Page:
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Encinitas exploring irrigation ordinance
CHRISTINA S. JOHNSON
ENCINITAS ---- To help prevent the kind of landslide
that killed a Leucadia woman last month, the city is
considering an ordinance that would limit irrigation on
Drier cliffs are stronger and lighter, and thus less
prone to collapse than over-watered ones, a geologist and
an engineer say. Solana Beach has an ordinance that limits
watering on all bluff-top properties, precisely to
increase public safety.
"We are not necessarily going to ask everyone to
dig up their yards" and dismantle their irrigation
systems, said Cathy Stone, a program manager for
She said the city is not exactly sure how to reduce the
amount of water sprinkled, hosed and piped on bluff-top
lawns without upsetting property owners.
That, she said, is the purpose of looking into an
"We will be talking about a comprehensive
bluff-erosion plan (this) week," she said.
Rebecca Kowalczyk, 30, was killed in a landslide Jan.
15 in Leucadia while sitting on the beach watching her
husband surf. Her death prompted the City Council to ask
city staff to investigate ways, such as limiting
irrigation, to prevent similar tragedies.
Encinitas has a 6.1-mile-long coastline, and its most
developed areas are on seemingly fragile sea cliffs. While
it is impossible to halt erosion, keeping cliffs from
becoming saturated with water is one way to slow the
frequency of bluff collapse.
To this effort, the city also is trying to rebuild
beaches with extra sand to help stabilize the cliffs
behind them. It also is considering building an artificial
offshore reef that would further protect the coast from
ocean waves and help retain sand.
Reducing irrigation ---- and thus ground water ---- is
not a new concept for staving off landslides and bluff
collapses, said Pat Abbott, a professor of geology at San
Diego State University. People have long suggested that
homeowners in San Diego County landscape with
drought-tolerant plants or switch to drip-watering
"Water cuts the strength (of the bluff) in half,
and it doubles its weight," said David Skelly, a
coastal engineer in Encinitas.
While San Diego County gets about 10 inches of rain a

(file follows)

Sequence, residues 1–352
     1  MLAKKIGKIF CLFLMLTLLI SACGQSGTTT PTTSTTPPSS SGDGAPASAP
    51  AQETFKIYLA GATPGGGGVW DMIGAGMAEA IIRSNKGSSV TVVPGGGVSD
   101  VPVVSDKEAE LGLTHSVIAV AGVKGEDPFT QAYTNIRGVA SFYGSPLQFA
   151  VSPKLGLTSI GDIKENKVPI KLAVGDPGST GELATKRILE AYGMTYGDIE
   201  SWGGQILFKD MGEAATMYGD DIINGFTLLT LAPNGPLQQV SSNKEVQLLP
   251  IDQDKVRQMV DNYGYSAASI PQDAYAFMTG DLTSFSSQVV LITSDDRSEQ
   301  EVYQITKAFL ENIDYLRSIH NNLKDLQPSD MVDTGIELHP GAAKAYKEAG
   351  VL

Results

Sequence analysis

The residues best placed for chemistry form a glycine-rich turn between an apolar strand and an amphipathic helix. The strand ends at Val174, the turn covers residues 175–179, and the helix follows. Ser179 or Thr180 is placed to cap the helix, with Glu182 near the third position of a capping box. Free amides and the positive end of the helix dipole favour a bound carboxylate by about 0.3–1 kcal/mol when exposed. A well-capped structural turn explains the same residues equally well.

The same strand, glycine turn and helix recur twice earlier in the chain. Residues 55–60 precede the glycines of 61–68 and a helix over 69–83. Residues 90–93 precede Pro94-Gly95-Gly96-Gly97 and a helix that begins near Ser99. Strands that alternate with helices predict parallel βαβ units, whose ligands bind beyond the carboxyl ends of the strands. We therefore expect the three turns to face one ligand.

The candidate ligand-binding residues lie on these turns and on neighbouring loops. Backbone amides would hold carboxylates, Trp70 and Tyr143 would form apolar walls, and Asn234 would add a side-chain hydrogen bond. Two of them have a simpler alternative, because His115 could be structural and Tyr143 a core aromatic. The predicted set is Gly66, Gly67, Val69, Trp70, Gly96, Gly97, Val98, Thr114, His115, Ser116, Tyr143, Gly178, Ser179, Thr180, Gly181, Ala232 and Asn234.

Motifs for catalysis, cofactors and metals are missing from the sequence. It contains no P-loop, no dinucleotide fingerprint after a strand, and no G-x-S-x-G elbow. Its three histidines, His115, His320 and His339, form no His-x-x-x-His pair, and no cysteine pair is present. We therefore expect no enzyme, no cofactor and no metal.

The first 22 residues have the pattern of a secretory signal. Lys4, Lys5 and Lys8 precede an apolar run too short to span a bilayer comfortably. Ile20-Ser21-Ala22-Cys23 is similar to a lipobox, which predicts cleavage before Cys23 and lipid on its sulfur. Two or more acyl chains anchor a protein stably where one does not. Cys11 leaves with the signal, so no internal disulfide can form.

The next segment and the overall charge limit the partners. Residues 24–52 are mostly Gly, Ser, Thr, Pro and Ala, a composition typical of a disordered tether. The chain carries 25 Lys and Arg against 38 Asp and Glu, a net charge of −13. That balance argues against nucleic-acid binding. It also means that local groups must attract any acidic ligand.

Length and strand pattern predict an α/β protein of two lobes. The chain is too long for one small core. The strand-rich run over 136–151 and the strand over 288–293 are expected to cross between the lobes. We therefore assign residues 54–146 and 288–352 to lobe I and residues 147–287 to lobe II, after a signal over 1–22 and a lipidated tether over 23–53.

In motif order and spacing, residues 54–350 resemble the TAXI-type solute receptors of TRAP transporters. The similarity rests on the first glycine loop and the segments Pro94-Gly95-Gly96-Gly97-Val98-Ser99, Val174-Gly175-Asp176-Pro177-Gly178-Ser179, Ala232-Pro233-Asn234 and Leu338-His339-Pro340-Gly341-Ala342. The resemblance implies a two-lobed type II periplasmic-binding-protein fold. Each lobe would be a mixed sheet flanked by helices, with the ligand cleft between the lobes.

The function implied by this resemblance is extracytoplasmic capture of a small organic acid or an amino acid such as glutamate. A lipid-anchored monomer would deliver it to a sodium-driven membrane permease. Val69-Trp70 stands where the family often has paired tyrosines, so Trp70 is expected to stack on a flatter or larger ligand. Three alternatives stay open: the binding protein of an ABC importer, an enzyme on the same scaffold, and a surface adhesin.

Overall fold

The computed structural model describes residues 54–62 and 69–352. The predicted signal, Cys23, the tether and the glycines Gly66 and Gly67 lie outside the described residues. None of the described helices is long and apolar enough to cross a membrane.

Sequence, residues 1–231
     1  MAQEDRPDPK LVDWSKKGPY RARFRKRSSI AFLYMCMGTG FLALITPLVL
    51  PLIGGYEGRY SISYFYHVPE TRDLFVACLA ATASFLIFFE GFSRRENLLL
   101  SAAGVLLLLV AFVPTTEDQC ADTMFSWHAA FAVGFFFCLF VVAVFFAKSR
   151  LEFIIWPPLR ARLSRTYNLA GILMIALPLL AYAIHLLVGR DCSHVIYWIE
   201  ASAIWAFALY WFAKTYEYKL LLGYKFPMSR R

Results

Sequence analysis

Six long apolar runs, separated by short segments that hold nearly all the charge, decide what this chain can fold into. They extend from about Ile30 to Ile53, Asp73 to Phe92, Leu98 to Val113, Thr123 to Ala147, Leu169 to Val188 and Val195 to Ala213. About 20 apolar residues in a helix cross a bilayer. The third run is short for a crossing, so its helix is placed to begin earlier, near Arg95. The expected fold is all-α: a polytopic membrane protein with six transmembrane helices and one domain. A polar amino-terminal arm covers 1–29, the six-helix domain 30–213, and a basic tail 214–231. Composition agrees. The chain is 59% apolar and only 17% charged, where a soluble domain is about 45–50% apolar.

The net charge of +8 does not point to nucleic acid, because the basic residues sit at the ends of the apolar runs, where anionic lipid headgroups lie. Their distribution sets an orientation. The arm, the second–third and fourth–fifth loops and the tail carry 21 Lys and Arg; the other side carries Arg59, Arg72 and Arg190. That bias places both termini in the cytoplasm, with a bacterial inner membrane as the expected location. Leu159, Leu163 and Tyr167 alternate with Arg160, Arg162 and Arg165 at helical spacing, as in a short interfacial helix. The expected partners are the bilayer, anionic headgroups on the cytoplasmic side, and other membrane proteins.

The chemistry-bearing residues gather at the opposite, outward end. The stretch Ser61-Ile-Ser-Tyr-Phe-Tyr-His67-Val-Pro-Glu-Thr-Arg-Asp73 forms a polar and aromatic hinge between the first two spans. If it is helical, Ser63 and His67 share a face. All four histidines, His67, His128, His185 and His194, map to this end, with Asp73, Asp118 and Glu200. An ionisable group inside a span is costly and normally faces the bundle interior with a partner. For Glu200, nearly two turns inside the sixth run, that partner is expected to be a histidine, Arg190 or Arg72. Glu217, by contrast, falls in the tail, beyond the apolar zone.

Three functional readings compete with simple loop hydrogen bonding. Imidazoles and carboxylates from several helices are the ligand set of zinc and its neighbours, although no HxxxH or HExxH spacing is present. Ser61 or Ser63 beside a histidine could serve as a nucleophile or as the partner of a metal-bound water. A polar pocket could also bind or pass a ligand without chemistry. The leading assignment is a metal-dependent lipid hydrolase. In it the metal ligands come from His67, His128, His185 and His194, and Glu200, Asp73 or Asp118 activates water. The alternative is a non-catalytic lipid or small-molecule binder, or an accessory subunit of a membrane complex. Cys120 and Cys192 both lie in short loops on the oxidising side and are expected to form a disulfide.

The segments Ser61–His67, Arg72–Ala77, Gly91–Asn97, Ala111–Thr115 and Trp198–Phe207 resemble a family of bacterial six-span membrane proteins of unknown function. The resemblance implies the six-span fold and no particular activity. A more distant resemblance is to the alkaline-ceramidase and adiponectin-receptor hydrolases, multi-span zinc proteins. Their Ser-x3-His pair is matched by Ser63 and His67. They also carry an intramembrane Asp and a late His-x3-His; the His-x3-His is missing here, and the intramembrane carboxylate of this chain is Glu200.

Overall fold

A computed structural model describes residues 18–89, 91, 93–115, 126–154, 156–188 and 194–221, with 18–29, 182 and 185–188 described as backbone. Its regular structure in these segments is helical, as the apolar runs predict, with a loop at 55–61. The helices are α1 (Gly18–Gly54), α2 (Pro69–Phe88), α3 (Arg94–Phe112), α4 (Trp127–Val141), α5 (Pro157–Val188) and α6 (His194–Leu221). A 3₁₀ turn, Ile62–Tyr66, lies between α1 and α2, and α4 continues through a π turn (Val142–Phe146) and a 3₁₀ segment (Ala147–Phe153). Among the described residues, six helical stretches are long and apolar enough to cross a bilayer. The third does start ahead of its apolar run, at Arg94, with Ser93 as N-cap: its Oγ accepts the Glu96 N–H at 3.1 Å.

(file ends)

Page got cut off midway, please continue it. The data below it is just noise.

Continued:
year, sprinklers effectively drop 80 to 90 inches a year,
"This means we are aging the land at an eightfold
rate," Skelly said.
Still, rising sea levels are the No. 1 reason the
coastline is eroding and why halting erosion is nearly
impossible, scientists say.
In the past 18,000 years, the coastline has retreated
about 1 1/2 miles, while sea level has risen some 400
feet. Recent studies have suggested the sea level could
rise an additional 5 feet in the next century if the Earth
Not all bluffs in Encinitas are vulnerable to
over-watering. The effects of irrigation vary with local
The 200 block of Neptune Avenue, which is the first
street back from the sea along Leucadia, is less prone to
water damage than other areas because the cliffs there are
largely made of porous sandstone, geologists say. The
landslide that killed Kowalczyk occurred in that area.
Just four blocks away, the geology changes. By the 600
block of Neptune, Skelly said, "you are in an area
that is very susceptible to collapse." The walkway
down to Beacon's Beach is an old talus pile, debris from a
"The whole section of the coast is predisposed to
sliding," he said.
Just one leaky toilet in the 600 block of Neptune,
Skelly said, caused a failure of a retaining wall.
Farther up the coast, in the 800 block of Neptune,
there are a number of homes that are literally hanging off
the cliff's edges.
The Self-Realization Fellowship at Swami's in Encinitas
is one more area that has had to finesse nature to
survive. In the early '40s, the SRF building fell into the
sea because ground water from surrounding areas had
saturated the rugged cliffs. Today, its owners have wells
that keep the water table down, Skelly said.
Water greases up everything, Abbott said. It makes a
bluff both heavier and weaker. Water usually flows in
fissures in the ground or along junctures of distinct rock
layers. Too much water can destroy the bluff's structural
integrity by washing the cliff out from beneath itself.
"The city should pass an ordinance prohibiting
lawns and trees" that need watering, Abbott said.
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